Now, as experts speculate whether Toronto will become the new foreign investors’ favourite (prices rose in the 30 per cent range year-on-year in Greater Toronto and Oakville Milton), the city has announced that it will introduce its own levy for non-resident investors.

Ontario Premier Kathleen Wynne announced the 15 per cent tax this week, alongside expanding rent control measures and a charge on vacant homes.

The new levy will apply to buyers active in the area from Niagara to Peterborough, if they are not citizens, permanent residents or companies registered in Canada. The tax, once officially introduced, will be retroactively applied to transactions from today, 21st April 2017.

Immigrants, however, will not be penalised by the tax, with a rebate available to anyone who subsequently acquires citizenship or permanent residency, as well as international students and foreign nationals working in Ontario.

“The non-resident speculation tax has nothing to do with new Canadians and people who want to make Ontario their home. With this tax, we are targeting people who aren’t looking for a place to raise a family — they’re looking only for a quick profit or a safe place to park their money,” said Wynne.

Toronto will also introduce rent controls, which currently only applies to units built before 1991. All private rental homes will fall under an annual rent increase guidline.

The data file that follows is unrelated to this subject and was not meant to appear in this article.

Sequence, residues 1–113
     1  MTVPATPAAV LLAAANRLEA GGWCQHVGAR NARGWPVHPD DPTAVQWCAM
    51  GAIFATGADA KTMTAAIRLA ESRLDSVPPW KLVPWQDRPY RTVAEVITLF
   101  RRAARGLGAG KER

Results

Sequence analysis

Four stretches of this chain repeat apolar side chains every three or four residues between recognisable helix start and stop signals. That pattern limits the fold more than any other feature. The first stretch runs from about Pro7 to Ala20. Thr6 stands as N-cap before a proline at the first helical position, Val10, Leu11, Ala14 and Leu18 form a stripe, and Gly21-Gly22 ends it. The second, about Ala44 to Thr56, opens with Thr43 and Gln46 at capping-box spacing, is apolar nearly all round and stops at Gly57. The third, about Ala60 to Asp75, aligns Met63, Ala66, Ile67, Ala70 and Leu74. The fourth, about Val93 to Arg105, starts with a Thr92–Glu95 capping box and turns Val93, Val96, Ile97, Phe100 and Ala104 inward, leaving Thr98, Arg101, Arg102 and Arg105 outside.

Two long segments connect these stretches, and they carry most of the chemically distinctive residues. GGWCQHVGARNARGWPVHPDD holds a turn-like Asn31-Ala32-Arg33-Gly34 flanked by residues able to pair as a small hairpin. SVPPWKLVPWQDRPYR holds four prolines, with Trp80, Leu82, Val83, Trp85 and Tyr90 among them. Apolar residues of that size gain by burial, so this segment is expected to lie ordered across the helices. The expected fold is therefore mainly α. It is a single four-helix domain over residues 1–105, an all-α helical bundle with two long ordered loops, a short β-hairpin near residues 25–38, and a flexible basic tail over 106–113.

The measures form part of a package of 16 housing proposals, which will include a rebate for developers building homes for rental construction, and also a review of estate agency procedures and regulations.
 

Chinese property investors turn to Seattle and Toronto

13th December 2016

Chinese investors are turning to Seattle and Toronto in the months following the introduction of Vancouver’s foreign buyer tax.

We asked the question last month whether the tax would have a notable impact upon investment trends in Canada’s property market, and where investors might turn instead of Vancouver. According to Juwai.com, Seattle may be the answer, with enquiries on the Chinese portal more than doubling in November 2016.

Interest in Seattle rose 140 per cent year-on-year, 78 per cent in October, 93 per cent in September and 63 per cent in August. Vancouver, on the other hand, saw enquiries dip 80 per cent in August 2016 and 25 per cent in September.

Matthew Moore, President of the Americas for Juwai.com, comments: “One reason the November stat looks high is that November 2015 was just one of those months where the number of inquiries wasn’t particularly high. The secret is out. Seattle’s a great place to live. Even the Chinese know it. There is no question that the tax in Vancouver is displacing some buyers to Seattle. How long will it go on? That depends in large part on what happens north of the border. If Vancouver stabilizes or comes roaring back, you could see interest in Seattle decrease.”

Toronto also saw demand increase, with enquiries jumping 60 per cent in August and 80 per cent in September. On TheMoveChannel.com, Toronto became one of the Top 50 most searched-for locations in Q4 2016, Canada’s first city to be included in the portal’s quarterly Hotspots Index.